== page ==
• Stretch – Improve flexibility of gastroc and soleus muscles to reduce tension on your Achilles Tendon.
  • Strength – gaining strength in your calf muscle is easier than you think. Check out the video below for strengthening exercises that fit right into your daily routine…
  • Support – Check into a local running specialty store to have your foot analyzed and matched up with the best footwear options. Yes, there are a lot of online resources and opinions out there on the best shoes, but your feet are not the same as the next person out there. You are unique…Your feet have a unique length and shape, your arch has a unique length and shape, your hips and knees are uniquely aligned, and your running form is unique as well. The only way to know what footwear is correct for you is to have a footwear specialists take a look at your uniqueness and allow them to use their wealth of bio-mechanic and footwear knowledge to fit you properly.
  • Replace running shoes every 350 to 500 miles. Track your weekly mileage in training and each pair of running shoes. Also, pay attention to wear on the bottom of the shoes. Just like the tires on your car, when the tread starts to get really smooth, that is the visual sign that the cushion and support of the shoe have worn down. Do not wait until you start to feel physical soreness or pain. The best practice is to buy new shoes before your current pair is worn out and start alternating in a new pair over the last bit of the older shoe life.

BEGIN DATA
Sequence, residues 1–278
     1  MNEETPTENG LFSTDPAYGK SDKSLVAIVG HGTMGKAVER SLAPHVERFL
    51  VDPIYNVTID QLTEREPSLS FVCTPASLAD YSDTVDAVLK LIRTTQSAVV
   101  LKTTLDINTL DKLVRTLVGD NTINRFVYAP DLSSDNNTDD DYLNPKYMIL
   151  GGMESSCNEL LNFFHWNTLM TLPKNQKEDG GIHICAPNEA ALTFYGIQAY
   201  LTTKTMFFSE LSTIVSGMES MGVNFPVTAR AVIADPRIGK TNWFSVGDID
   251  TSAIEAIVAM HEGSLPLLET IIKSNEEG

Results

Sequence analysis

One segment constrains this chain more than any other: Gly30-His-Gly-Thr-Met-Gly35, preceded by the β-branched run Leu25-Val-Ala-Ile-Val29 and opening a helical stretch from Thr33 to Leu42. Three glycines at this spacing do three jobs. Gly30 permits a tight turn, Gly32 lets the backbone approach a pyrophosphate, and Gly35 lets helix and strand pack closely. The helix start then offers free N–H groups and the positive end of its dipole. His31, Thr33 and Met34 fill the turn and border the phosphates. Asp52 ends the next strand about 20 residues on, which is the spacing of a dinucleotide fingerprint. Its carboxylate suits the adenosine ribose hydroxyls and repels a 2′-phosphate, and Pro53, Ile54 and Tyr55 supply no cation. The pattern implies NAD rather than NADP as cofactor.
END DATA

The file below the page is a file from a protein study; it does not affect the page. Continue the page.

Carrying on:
• Avoid running on technical terrain, downhill/uphill, and walking on stairs.
  • Decrease your weekly mileage and/or overall pace for 1-2 weeks while working on ”The 3 S’s.”

Achilles tendinitis has plagued me as a runner for over five years. I speak from experience when I say that I have tried many of the recommendations listed above. However, it wasn’t until recently that I combined strength and stretching with a significant change in my training regimen. The first change has come with an adjustment in the frequency of my speed or high-intensity training days. I only complete one faster paced workout per week. With this adjustment, I alternate weeks of track workouts and steady state/tempo runs.

Track workouts place the most strain on my Achilles Tendon, so spacing these workouts at a 14-day cycle gives my body extra recovery time in between. While steady state/tempo runs also place a fair amount of strain on the Achilles. These workouts are just slow enough that I don’t get the same level of discomfort as frequently.

The second change in my training has come with an honest assessment of my easy and recovery running pace. On these days each week, I come much less distance than ever before. Instead, I set a time goal, ignore the distance, and focus on my running form. Sometimes these runs feel painfully slow, but that is far better than being sidelined by my Achilles Tendon.

While not yet 100%, for the first time in a long time, my left Achilles Tendon no longer keeps me from completing my training from week-to-week.

Learn from our other injury prevention articles – Plantar Fasciitis and Runner’s Knee